How Dan Brown Created Neo-Noir Your Lucky Day

Director and his star and composer on the twisty thriller

Jessica Garza, star of new thriller Your Lucky Day (Photo courtesy of WellGo)

It’s often said that making films is a lot of hurry up and wait. For Dan Brown, writer and director of twisted crime thriller Your Lucky Day, it was the other way around: over a decade of waiting, and then a sudden burst of action.

The Christmas neo-noir (which debuted at this year's Fantastic Fest and is on VOD now) is the story of a heist, a winning lottery ticket, and some not-so-innocent bystanders. Brown first played with the concept over a decade ago, with a 2010 short of the same name. However, it wasn’t a proof of concept for the bigger story. “I wrote a short just to write a short,” he said. It also didn’t parlay into feature work, but into a successful career as a commercial director, “which is perfectly fine, and I made a living, but it wasn’t really what I wanted to do.’”

However, he wasn’t in a rush to revisit the short, which he worried he would cheapen by expanding. He referenced the slew of Dr. Seuss adaptations: “‘Oh, here’s a 20-page book, let’s make a really boring movie out of it.’” Plus, he added, “I had this weird thing where I thought some of the things in it would be less relevant over time. I don’t know why I was so optimistic about the future.” Yet as the years passed, he explained, “I had an idea that made sense to turn the short into a movie.”

The late Angus Cloud, who made one of his last onscreen appearances in Your Lucky Day (Photo courtesy of WellGo)
However, the intervening time meant that he had to think about a new cast. The short version starred Rider Strong (Boy Meets World, Cabin Fever) as the unnamed young man who triggers the chaos: However, Brown realized the fortysomething Strong was now too old for the part. “For this character to work, he has to be a younger man, and I can’t have someone my age walking in there. That’s just too reckless.” Fortunately, Strong agreed, and so Brown cast Euphoria's Angus Cloud as the film version of the stick-up artist. (The film marks one of the final performances from Cloud, who died in July from an accidental overdose.) “Ryder was really great about [the recasting] and said it was a great script, so that was a really great feeling.”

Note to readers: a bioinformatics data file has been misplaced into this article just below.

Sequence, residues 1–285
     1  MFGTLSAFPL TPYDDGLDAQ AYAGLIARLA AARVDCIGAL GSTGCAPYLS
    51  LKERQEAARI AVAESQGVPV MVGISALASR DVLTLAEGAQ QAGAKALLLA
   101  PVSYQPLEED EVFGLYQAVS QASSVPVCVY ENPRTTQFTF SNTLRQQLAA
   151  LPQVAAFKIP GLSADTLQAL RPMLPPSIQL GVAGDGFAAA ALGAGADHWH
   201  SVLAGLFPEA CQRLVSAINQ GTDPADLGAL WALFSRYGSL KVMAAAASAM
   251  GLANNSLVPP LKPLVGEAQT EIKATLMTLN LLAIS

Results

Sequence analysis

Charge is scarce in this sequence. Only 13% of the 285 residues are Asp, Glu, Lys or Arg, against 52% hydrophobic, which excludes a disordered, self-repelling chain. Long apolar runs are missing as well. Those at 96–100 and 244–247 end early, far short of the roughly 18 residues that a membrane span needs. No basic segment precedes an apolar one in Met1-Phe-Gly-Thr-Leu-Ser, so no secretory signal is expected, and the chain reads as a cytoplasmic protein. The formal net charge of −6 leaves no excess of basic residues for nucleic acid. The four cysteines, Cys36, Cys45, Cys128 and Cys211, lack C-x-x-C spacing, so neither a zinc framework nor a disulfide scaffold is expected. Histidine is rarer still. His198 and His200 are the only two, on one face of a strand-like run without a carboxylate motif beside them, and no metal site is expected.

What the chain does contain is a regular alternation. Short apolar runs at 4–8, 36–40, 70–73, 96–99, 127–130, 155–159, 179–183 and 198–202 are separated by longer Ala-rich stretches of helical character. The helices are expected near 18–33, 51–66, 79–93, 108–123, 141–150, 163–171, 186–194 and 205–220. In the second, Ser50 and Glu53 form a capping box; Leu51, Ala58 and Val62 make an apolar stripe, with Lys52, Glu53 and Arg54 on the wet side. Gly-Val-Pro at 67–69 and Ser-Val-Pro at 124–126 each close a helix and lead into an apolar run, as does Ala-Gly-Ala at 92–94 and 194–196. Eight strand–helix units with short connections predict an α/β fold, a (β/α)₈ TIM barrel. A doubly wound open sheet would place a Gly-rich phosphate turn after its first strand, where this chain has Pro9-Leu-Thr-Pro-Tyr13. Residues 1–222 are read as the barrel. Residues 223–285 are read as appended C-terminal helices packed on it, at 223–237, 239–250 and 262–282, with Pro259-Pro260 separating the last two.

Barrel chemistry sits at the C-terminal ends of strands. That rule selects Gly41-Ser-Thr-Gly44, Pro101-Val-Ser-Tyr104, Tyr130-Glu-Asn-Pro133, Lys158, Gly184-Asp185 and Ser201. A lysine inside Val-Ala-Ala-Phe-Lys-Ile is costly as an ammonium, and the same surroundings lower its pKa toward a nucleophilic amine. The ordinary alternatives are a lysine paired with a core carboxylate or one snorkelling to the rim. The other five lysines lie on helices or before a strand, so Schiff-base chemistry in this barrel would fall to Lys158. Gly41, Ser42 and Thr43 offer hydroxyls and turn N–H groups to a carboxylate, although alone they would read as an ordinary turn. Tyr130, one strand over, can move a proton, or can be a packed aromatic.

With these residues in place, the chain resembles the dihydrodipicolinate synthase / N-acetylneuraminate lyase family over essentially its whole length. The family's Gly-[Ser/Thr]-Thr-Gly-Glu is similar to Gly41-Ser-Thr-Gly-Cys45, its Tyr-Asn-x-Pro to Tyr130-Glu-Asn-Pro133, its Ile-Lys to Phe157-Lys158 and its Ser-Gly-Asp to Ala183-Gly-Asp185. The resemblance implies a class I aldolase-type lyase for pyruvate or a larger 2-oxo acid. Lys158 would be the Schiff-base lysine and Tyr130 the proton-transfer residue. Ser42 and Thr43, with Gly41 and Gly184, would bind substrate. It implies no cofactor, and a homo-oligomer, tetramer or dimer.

“I had this weird thing where I thought some of the things in it would be less relevant over time.” – Your Lucky Day writer/director Dan Brown
The pieces started to line up. Another feature project, intended to be filmed in Austin, fell through, and the script for Your Lucky Day was getting positive notes. The final part was the inspiration of his old editing teacher, friend, and mentor, the late filmmaker Lynn Shelton (Laggies, Sword of Trust). “She would make a movie every year. Whether it was the bigger budget A24 one, or she’d make one with her friends, she would do it at any budget level, and that was incredibly inspiring.” After that Austin project fell through, “I went, I can go do this movie right now.”

Still he was wavering a little, so he asked casting director Jessica Sherman to read the script and give her opinion on whether he should start filming now or wait a while. “She was like, ‘If you want to make this you need to make it right now, because pilot season’s coming up and there’s no way you’re going to get a cast that’s really worthwhile, because they’re going to wait for a real money job.’”

That cast also included Jessica Garza, who plays victim turned conspirator Ana Marlene. What attracted her to the script, she said, was how all the characters struggle “with their morality and what they thought they believed in when they walked into that store, and how that changes very quickly when you’re faced with an unbelievable opportunity.”